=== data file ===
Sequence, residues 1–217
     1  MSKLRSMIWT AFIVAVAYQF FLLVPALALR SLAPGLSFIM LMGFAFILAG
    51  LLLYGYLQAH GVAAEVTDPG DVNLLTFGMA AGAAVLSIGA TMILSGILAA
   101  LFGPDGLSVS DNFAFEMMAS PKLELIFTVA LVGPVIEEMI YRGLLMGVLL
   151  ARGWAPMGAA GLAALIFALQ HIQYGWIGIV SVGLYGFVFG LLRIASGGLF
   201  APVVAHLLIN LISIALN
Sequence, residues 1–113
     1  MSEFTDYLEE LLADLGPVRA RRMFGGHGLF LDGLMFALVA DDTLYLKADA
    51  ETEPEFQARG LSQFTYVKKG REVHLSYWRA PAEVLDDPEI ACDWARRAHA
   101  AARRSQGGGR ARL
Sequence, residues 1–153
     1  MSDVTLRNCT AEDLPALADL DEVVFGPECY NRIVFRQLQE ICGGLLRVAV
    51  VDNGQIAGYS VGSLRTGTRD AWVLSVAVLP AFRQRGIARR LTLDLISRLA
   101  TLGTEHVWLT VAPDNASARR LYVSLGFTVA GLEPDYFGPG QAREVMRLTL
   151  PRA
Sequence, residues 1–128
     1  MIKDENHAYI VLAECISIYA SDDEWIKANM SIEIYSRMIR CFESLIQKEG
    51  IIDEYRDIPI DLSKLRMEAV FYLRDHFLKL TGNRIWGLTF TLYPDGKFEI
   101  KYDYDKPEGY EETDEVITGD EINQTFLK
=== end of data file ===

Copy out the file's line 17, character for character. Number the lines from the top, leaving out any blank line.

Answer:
     1  MIKDENHAYI VLAECISIYA SDDEWIKANM SIEIYSRMIR CFESLIQKEG